I have had the proofs sitting around since January. Then began the long process of editing. It is a lot easier to do when you have a physical copy you can scribble in.

The book is available from the following locations:

summer-on-the-horizon

The Tokyo Journal

Sunday, January 31st, 2016 | Life

tokyo-journal

When I was a child, I used to publish my own magazine. It was called The Tokyo Journal. I have no idea why. It is unrelated to another publication also named Tokyo Journal. I claim they ripped off my name, five years before I was born, but it is difficult to prove either way.

My gran was recently having a clear out and came across an envelope full of them. I have long since lost all of my copies so suspected they might be gone forever. It was quite a pleasant surprise to be reminded of my past.

A lot has changed in fifteen years. Back then I was not the flawless eloquent writer I am today. My sense of humour was less refined. A lot of the material in there makes me cringe a little today. Nevertheless though I think what this shows is that I am a younger far-less-successful version of Richard Branson. Who wouldn’t want that on their CV?

Summer on the Horizon proofs

Friday, January 8th, 2016 | Books, News, Photos

Back in November I took part in NaNoWriMo and successfully completed my first novel. I sent it off to the printers just before Christmas and was pleasantly surprised a few days ago when the proofs dropped through my door. I created the book via CreateSpace and it was a bargain for the proofs at less than $3 per copy. I did spend more than that on shipping though!

Apparently, the done thing when they first arrive is to take a load of pictures of yourself posing with your book. Let it never be said I do not sometimes join in. Here is a bunch of pictures of my book in various locations.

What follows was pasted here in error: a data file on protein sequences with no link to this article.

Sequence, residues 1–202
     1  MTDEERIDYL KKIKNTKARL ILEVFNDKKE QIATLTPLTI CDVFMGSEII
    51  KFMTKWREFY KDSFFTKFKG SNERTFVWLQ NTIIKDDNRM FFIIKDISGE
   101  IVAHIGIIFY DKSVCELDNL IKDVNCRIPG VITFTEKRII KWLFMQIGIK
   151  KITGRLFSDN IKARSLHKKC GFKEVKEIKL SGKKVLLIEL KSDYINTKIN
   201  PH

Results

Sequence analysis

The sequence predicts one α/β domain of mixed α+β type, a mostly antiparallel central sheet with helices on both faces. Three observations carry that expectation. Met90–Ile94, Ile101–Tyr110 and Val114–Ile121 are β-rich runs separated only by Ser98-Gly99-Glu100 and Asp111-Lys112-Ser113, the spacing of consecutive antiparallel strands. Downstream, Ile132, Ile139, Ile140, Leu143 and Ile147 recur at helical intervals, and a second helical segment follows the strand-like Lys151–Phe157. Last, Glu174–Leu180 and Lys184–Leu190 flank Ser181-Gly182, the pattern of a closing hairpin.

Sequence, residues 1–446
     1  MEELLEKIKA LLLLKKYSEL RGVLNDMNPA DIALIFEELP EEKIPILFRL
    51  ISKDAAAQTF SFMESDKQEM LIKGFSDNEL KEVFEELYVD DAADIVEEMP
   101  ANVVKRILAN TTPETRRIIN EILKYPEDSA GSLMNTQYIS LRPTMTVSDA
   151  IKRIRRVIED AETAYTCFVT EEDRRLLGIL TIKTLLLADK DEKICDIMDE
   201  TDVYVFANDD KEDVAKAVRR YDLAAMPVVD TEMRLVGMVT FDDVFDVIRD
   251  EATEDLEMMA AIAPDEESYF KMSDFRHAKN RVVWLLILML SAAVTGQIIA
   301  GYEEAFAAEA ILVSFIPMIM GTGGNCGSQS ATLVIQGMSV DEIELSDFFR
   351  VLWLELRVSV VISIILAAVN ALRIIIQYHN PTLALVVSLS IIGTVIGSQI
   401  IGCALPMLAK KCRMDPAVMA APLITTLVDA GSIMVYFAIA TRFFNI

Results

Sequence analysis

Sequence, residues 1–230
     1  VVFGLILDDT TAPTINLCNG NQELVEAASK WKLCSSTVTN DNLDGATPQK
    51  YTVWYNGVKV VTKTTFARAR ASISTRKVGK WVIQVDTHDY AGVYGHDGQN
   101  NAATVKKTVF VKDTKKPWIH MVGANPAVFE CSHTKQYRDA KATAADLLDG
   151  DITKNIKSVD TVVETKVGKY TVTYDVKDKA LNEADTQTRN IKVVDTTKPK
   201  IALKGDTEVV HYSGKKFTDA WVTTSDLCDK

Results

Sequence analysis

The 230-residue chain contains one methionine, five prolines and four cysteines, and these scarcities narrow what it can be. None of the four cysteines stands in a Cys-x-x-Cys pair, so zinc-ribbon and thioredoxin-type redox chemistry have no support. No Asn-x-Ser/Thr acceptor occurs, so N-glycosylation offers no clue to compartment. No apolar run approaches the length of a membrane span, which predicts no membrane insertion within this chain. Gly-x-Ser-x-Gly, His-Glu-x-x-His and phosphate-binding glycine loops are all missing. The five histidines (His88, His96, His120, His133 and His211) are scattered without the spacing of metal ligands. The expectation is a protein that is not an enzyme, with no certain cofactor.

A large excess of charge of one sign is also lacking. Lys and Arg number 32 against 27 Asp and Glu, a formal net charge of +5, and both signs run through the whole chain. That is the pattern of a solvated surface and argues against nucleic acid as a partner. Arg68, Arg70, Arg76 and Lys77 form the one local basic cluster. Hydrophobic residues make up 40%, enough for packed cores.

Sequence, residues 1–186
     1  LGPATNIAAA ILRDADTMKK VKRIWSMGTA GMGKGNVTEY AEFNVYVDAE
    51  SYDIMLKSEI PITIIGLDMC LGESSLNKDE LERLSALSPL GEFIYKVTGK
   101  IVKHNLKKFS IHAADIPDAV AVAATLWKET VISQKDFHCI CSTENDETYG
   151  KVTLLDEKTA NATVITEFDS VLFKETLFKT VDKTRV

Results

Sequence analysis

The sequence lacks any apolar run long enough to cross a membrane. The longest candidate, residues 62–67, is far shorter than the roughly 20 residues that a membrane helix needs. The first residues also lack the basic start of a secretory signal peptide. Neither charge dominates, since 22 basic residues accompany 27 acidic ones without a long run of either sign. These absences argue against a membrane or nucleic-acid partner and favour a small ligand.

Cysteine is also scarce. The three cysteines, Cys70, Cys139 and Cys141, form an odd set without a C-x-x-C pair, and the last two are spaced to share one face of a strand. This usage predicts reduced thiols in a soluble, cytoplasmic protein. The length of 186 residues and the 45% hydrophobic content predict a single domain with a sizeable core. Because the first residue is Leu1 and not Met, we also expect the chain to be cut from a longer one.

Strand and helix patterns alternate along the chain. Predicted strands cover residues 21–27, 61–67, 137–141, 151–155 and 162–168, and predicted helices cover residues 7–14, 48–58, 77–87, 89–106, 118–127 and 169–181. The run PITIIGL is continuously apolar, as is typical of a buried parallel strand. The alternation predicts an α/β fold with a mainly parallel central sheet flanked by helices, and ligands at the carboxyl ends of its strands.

I have already spotted one mistake. It was on the back cover of all places. Though I did not give the cover a proper proofread, so there is some hope that my proofreading was successful. Unlikely though. When we published the Leeds Restaurant Guide, I proofread it, Elina proofread it several times, and three of my friends proofread it too – and we’re still finding mistakes.

summer-horizon-spread

Here is a spread of the books.

summer-horizon-table

Here are the books stacked up on a table.

summer-horizon-bookcase

Here is the book on my bookcase.

summer-horizon-and-lrg

Finally, here is the book sat next to the Leeds Restaurant Guide.

How popular is NaNoWriMo?

Saturday, December 26th, 2015 | Distractions

When I tell people that I did NaNoWriMo in November, they often ask how popular it is as most people have not heard of it. This is not surprising as I only heard about it through a friend at Toastmasters. It is predominantly an American thing, as the international shipping I refused to pay for my winners t-shirt demonstrates. It does have a large international following however, with plenty of people here in Leeds entering.

In total, 351,489 people entered this year. 40,301 finished it (11.5% of entrants).

In Yorkshire, a total of 1,034 people entered. The average word count was 20,000, though there is no break down of this. It could have been that 400 people finished it and 600 people wrote nothing, it could be a similar breakdown to the worldwide stats. Probably the latter.

NaNoWriMo

Sunday, November 1st, 2015 | Life

National Novel Writing Month, also known as NaNoWriMo, takes place every November. The idea is that you commit to writing just under 2,000 words a day and by the end of the month you will have a 50,000 word novel.

I have been meaning to give it a go for years now, so this year I am trying to commit to it. I have an idea and I have outlined the story, which I am hoping will provide me with the framework and remove a major blocker in the motivation. I could be wrong though, we shall see.

I am not committing to writing a full length novel. I have the outline of the story, so I am going to write that and if I finish early then so be it, that will be fine. A short novel is better than no novel at all!